AORE Association News September 2015 - Page 6

By Lance Haynie

“Prepare the person for the path, not the path for the person.” This was a theme for Tommy Caldwell’s recent TEDx talk. If you haven’t heard or watched it yet, I would suggest checking it out before or after reading this.

As Tommy used this line to describe an adventurous childhood with his father, climbing and mountaineering in Colorado, he began to make the link between this “gritty” upbringing and his ability to cope with the challenging portions of his own “path”. In 2000, Tommy and his climbing party were kidnapped by Islamic rebels in Kyrgyzstan. They were held captive for six days before managing to escape their captors. In 2001, he severed one of his index fingers on a table saw. In the pursuit of being a professional climber, both of these events could have been enough of a “sign” to lead him away from this path. However, Tommy goes on to describe how his upbringing somewhat prepared him to meet these adversities head on.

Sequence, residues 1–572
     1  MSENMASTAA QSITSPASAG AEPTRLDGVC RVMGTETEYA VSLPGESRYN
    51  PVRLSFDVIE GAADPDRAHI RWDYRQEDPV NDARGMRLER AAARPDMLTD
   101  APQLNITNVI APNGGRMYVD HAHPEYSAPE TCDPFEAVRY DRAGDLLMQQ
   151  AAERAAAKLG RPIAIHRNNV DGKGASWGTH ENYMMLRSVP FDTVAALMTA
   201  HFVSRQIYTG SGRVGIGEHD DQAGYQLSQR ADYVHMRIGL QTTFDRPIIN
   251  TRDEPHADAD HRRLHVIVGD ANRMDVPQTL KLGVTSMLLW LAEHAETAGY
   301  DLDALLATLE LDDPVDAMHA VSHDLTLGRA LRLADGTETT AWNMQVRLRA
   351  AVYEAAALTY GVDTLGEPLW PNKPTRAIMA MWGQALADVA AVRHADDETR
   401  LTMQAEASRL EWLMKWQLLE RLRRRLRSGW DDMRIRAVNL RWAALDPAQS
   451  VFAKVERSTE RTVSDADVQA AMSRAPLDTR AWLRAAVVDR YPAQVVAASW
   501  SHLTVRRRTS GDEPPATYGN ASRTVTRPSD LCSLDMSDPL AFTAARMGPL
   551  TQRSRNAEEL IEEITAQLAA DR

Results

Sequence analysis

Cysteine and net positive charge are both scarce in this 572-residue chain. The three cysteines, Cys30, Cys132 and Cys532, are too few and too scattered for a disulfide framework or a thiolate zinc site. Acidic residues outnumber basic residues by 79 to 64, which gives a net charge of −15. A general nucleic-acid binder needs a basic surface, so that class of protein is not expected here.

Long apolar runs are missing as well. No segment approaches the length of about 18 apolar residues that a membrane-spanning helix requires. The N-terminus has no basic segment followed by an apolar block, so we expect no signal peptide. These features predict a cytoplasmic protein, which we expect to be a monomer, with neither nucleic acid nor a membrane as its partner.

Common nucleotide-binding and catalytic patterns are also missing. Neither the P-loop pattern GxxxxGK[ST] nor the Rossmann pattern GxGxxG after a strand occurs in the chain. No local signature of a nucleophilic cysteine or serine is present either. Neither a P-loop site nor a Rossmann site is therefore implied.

As someone who works with young people, other professionals, and now as a father, I am moved by the implications that Tommy’s idea provides. Whether we work with college students, active duty soldiers and servicemen, or the general public, the nature of our work carries some intrinsic need to empower and equip our participants with skills and knowledge to meet certain challenges. I strongly believe that there needs to be an ownership that each participant takes for their own experience. There must be some self-care performed.

However, as much as I care about my participants knowing how to light their own stove and safely cook their food, I am starting to be much more sensitive to the transferrable nature of the work we do with our participants. If I take Tommy’s story to heart and wade into the deeper pools of what it means to prepare a person for their path, I start to see more clearly the positive and long lasting effects of what we do as outdoor professionals. When I see statistics on college students’ mental health released by groups like the National Alliance on Mental Illness, American Psychological Association, and the National Institute of Mental Health, and then hear a message like Tommy’s, I get a renewed sense of purpose and vigor. I hope that I can contribute to my participants’ grit and development of resilience in their lives.

As a collective of outdoor professionals and educators, I hope that we are doing our part in preparing our participants, staff, and families for their own paths.


NAMI on Campus: Learn About the Issue

NIMH: Depression and College Students

APA: College Students' Mental Health is a Growing Concern

“Prepare the person for the path, not the path for the person”